How to Make Windows 10 Easier to Use

By Peter Weverka

The Ease of Access screens in Windows 10 offer many ways to make your computer, mouse, and monitor easier to use. On the Settings screen, select Ease of Access.

  1. Choose Narrator settings (refer to the following figure) to have content on the screen read aloud.

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    These settings are for people who have difficulty reading. After turning on the Narrator switch, you choose voice, speed, and pitch settings to determine what the narrator’s voice sounds like.

  2. Choose Magnifier settings to enlarge what is on your computer screen.

    These settings are for people who have difficulty seeing. When Magnifier is turned on, the Magnifier toolbar appears onscreen. (Click or tap the magnifying glass icon to see this toolbar, if necessary.)

  3. Click or tap the plus sign on the Magnifier toolbar to zoom a portion of the screen for easier viewing, as shown here. Click or tap the minus sign to see the screen at normal size.

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    Without turning the Magnifier switch on, you can magnify the screen. Press the Windows key + plus key to zoom in using Magnifier. Press the Windows key + minus key to zoom out using Magnifier.

  4. Choose High Contrast settings to alter the screen in a way that might make seeing text easier.

    These settings are also for people who have difficulty seeing. After you choose a theme, you can choose a color for text, hyperlinks, disabled text, selected text, button text, and backgrounds. Click Apply after you make your choices. Choose None and click Apply if you want to return to the default Windows 10 contrast settings.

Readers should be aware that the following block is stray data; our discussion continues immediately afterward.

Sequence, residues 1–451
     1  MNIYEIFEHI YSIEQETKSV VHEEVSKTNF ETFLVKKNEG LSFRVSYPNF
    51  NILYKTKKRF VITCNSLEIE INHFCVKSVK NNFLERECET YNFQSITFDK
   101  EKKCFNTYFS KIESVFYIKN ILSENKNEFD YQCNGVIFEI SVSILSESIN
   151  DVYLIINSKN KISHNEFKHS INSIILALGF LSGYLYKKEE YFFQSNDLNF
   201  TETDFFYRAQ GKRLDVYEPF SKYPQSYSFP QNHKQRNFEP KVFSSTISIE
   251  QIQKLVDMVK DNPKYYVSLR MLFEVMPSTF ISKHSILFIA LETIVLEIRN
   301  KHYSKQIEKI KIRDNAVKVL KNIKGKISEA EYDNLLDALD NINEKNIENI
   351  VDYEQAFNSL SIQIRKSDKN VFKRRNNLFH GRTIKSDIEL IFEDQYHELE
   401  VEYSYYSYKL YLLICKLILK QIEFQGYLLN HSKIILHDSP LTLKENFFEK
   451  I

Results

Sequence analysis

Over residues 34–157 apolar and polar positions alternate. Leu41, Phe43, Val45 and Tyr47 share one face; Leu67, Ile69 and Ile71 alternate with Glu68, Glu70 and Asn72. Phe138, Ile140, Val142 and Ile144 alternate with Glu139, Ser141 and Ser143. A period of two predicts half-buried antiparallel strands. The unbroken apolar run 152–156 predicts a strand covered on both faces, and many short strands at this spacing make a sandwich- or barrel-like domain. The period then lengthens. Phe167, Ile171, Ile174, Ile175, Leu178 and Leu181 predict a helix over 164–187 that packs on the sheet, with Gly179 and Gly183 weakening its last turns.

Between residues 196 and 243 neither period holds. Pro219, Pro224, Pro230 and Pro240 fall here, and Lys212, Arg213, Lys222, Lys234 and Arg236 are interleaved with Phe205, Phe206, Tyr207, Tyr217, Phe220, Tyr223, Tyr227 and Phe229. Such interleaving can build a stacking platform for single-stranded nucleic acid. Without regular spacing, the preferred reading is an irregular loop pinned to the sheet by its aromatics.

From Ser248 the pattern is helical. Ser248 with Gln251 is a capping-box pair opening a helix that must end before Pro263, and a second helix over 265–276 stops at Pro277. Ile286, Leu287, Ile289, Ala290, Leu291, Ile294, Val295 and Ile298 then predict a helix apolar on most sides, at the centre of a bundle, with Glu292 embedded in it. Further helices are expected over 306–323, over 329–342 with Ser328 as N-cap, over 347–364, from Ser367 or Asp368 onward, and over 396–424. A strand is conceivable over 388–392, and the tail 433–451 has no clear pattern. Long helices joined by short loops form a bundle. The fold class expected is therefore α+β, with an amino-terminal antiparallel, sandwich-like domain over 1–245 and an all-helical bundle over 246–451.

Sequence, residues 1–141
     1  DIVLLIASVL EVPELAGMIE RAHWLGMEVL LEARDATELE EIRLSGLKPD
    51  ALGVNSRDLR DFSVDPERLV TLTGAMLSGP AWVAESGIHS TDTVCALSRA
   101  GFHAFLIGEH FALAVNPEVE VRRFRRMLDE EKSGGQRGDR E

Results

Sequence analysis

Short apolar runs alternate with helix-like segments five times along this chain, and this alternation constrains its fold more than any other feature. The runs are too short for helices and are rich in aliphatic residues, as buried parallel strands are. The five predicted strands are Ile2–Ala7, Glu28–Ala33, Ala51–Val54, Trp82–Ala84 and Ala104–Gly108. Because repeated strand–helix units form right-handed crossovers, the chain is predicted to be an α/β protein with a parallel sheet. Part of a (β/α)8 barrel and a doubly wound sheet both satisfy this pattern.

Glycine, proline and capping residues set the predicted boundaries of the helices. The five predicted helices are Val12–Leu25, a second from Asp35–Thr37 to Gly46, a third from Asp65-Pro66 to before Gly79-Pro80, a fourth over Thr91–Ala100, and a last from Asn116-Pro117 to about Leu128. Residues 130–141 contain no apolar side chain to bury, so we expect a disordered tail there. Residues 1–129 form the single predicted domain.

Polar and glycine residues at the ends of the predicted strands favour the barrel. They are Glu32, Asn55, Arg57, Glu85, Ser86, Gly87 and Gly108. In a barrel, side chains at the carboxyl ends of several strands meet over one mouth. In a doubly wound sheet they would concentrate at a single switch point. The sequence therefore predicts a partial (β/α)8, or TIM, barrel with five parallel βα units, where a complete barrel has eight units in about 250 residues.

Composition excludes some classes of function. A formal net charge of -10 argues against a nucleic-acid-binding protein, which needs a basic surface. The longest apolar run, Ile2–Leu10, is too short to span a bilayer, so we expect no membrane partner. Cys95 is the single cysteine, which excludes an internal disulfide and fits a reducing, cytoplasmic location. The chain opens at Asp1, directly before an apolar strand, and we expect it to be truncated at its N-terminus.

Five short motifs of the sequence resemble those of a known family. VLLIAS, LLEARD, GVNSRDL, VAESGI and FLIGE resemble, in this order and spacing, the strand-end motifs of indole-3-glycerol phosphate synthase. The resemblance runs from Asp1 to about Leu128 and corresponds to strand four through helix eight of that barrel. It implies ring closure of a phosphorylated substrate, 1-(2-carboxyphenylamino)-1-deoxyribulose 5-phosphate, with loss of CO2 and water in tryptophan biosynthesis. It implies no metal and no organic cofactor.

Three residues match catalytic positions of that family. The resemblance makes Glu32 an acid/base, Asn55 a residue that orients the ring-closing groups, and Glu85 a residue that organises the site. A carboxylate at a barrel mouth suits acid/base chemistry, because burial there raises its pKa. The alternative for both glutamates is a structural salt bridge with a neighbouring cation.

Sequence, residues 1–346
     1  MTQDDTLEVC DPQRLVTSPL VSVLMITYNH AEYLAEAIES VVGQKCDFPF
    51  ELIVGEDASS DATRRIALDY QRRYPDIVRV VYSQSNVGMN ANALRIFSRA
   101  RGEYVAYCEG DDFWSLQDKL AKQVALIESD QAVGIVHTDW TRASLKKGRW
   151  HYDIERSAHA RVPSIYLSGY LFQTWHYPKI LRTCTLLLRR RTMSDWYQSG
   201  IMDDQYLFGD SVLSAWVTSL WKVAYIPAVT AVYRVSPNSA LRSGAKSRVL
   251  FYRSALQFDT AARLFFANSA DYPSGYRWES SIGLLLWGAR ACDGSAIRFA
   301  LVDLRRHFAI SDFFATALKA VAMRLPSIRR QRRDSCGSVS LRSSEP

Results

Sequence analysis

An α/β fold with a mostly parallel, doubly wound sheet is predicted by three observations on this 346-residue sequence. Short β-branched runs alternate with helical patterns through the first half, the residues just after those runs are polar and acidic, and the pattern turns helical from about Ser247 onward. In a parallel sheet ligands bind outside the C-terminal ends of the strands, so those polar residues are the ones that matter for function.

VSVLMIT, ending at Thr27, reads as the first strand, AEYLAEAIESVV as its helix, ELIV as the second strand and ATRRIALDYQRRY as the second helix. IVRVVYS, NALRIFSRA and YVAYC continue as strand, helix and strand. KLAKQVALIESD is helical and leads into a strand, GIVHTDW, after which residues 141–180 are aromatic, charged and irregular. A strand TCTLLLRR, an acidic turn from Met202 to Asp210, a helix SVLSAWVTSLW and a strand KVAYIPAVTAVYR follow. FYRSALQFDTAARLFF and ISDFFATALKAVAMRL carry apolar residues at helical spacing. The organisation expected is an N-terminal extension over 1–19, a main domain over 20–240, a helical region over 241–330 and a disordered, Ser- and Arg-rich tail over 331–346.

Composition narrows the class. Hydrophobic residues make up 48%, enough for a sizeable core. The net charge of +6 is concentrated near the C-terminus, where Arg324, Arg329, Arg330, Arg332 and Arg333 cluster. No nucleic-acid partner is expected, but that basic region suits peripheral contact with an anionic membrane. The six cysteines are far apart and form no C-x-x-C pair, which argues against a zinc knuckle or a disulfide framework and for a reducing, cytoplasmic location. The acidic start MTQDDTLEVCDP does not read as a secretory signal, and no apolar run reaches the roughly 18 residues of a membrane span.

5. Choose Closed Captions settings to control how subtitles appear in audio and video presenations.

    Choose Font settings to describe what you want the text in the captions to look like. Choose Background and Window settings to describe what the box where the captions appear looks like. The Preview box shows what your choices mean in real terms.

  6. Choose Keyboard settings to type without using a physical keyboard.

    This onscreen keyboard uses the layout of a conventional keyboard. However, most people find that the standard Windows 10 virtual keyboard is more flexible.

  7. Choose Mouse settings to change the size and color of the mouse pointer.

    As shown here, Windows 10 offers mouse pointers of different sizes and colors. Choose the combination that tickles your fancy.

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The Other Options settings control various and sundry items:

  • Play Animations in Windows controls whether Windows apps start and close with an animation sequence. If you prefer not to see animation sequences when an app is launched or closed, turn this switch to the off position.

  • Show Windows Background controls whether images can appear on the Start screen. If this switch is off, images don’t appear on the screen, and you can’t choose an image in the Personalize panel.

  • Show Notifications For controls how long certain pop-up messages appear before disappearing. These notifications are sometimes called tooltips or toasts (because of the way they pop up). By default, notifications disappear after five seconds, which usually isn’t enough time to read a long notification. Note that notifications disappear when you move the mouse or select another option.

  • Cursor Thickness controls the width of the vertical blinking line that appears when you can type text. The box on the left under this heading displays the current cursor (without blinking). To try a different thickness, drag the selection box to the right. (You might try a cursor thickness of 2 or 3 pixels.)

  • The Visual Notifications for Sound options make parts of the screen “flash” when they are activated. These options are meant for the hard of hearing.

More Ease of Access settings are available through the desktop. The settings are easiest to access by pressing the Windows key + U (for usability). In the Ease of Access Center, as shown here, you can choose many access settings.

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